When asked what her proudest moment as an OT was, Jo Ann said:

 

“One of my patient’s wives called me and said “Jo I want you to know, we didn’t forget about you. We want to take you to lunch to because we appreciate what you have done for us.” I told them it wasn’t necessary but they were very persistent. I have a lot of patients who are similar. I have always appreciated the VNA for what they stand for and what they do and how the organization tries to make a positive difference in people’s lives. It’s part of their mission even years later.”

 

 

Patricia Sackman, BSOT, MAOT

VNA of Central Jersey

Patricia Sackman has been an Occupational Therapist for over 30 years, 21 of which have been with VNA Health Group. When Patricia was 17 her grandfather had a massive stroke and she would take him to the hospital for his rehab. It was around this time that Patricia knew she wanted to do something related to rehab. Occupational Therapy wasn’t very well known at the time and when Patricia discovered it, she immediately wanted to pursue it.

 

When asked what her proudest moment as an OT was, Patricia said:

 

“There are many of those moments. I don’t always look for the big ones. Sometimes the little ones mean a lot to the patients. Whether it is getting that piece of equipment or getting that wheelchair, it means so much to someone because now they can get out in the community. These are the moments that I can take a breath of relief and say ‘finally they have that change they need.’”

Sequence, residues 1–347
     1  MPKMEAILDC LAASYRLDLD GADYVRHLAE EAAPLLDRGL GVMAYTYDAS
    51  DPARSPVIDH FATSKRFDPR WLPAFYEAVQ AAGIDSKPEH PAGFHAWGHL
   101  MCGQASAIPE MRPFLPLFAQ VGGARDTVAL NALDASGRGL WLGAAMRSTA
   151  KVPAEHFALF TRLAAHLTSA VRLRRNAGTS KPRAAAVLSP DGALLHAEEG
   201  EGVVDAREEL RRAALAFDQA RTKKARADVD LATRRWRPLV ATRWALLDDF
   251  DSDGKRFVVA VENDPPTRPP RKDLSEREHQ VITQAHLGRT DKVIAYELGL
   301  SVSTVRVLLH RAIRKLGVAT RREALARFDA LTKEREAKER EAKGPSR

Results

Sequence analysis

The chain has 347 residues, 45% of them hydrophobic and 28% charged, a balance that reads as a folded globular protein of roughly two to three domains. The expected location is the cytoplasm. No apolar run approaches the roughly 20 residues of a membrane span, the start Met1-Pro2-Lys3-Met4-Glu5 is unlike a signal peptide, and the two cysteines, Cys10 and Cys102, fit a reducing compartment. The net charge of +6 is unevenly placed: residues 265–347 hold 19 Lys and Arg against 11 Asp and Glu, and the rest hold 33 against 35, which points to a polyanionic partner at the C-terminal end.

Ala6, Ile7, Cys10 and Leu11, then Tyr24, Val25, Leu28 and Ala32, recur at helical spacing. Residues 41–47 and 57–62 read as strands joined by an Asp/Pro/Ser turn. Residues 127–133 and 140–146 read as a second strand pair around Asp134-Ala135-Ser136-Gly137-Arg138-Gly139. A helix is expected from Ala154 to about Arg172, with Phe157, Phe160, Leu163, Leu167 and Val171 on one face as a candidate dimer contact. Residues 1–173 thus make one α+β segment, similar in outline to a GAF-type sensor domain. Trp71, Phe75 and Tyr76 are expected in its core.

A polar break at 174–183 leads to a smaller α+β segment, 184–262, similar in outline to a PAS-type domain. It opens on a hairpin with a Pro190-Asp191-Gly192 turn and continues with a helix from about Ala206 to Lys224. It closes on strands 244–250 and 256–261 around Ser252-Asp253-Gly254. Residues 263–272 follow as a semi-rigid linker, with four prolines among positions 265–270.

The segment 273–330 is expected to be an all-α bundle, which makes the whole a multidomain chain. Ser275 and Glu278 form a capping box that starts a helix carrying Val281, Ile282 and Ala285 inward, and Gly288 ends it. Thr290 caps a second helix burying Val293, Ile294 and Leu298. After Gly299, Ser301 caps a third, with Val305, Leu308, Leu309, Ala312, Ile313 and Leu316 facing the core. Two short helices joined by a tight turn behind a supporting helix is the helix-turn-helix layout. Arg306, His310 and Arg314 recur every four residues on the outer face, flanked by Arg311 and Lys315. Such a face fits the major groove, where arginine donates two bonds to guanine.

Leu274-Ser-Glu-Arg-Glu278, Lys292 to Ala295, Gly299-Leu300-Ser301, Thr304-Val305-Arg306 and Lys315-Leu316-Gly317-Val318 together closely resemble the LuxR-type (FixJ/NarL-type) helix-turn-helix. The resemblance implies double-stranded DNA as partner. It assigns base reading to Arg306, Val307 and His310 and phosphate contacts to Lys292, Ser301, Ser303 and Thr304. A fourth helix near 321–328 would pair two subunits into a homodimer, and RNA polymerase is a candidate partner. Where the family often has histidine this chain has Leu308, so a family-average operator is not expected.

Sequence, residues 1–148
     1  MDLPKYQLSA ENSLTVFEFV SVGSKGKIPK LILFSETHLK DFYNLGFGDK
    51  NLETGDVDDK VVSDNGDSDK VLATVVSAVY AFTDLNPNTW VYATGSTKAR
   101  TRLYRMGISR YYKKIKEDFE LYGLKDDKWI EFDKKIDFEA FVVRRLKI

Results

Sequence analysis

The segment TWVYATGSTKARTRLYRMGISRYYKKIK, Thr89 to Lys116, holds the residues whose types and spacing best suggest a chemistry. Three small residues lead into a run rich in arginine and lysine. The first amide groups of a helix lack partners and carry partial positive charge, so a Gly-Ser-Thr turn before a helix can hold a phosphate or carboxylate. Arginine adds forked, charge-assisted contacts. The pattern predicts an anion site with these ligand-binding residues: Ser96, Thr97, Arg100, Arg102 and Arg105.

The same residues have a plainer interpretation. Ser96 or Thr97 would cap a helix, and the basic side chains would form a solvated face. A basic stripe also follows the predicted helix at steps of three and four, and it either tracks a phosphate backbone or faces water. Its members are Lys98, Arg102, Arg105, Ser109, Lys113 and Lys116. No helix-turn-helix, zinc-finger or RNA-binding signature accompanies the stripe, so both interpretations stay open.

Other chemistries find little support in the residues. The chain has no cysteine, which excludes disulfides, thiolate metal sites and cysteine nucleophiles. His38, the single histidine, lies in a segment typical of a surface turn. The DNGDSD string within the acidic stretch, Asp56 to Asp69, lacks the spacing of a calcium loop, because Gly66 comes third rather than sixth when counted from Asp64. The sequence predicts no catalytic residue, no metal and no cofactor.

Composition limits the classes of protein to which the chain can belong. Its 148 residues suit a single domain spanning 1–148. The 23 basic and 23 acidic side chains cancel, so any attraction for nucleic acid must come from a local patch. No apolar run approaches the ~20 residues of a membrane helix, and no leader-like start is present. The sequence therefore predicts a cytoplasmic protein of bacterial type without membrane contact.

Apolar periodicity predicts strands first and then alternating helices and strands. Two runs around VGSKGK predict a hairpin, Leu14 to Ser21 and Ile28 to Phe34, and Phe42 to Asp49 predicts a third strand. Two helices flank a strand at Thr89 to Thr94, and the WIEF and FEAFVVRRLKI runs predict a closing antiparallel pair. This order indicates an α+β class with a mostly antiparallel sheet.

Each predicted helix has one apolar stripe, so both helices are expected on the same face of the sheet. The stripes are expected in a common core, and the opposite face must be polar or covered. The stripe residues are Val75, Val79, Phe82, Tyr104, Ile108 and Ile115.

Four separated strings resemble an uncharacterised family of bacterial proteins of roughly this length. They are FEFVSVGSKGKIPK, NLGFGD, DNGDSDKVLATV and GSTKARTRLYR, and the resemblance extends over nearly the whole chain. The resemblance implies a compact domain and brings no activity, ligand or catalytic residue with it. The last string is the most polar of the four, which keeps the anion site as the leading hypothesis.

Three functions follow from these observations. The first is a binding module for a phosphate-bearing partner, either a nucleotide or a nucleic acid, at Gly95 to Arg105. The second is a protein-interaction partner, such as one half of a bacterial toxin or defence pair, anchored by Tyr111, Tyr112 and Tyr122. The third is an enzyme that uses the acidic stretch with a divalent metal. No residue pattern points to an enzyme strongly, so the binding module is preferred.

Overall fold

Karen Reiner, OTR

VNA of Englewood

Karen has been an Occupational Therapist for 34 years, 26 of which have been with VNA of Englewood. Karen started with Englewood Home Health and then switched over after the joint venture. Karen was intrigued by the field of medicine and liked the idea of helping people become more independent. She knew Occupational Therapy was something you could do while being a mother and a daughter, giving her the ability to take care of her kids and elderly parents when they needed her.

 

When asked what her proudest moment as an OT was, Karen said:

 

“When somebody tells me that they are able to do a lot more for themselves then before, and at the end they say they can do that by themselves now. Sometimes I’ll bump into patients when they’re out and about and doing things on their own. They’ll stop me and thank me for all the work that I did with them.”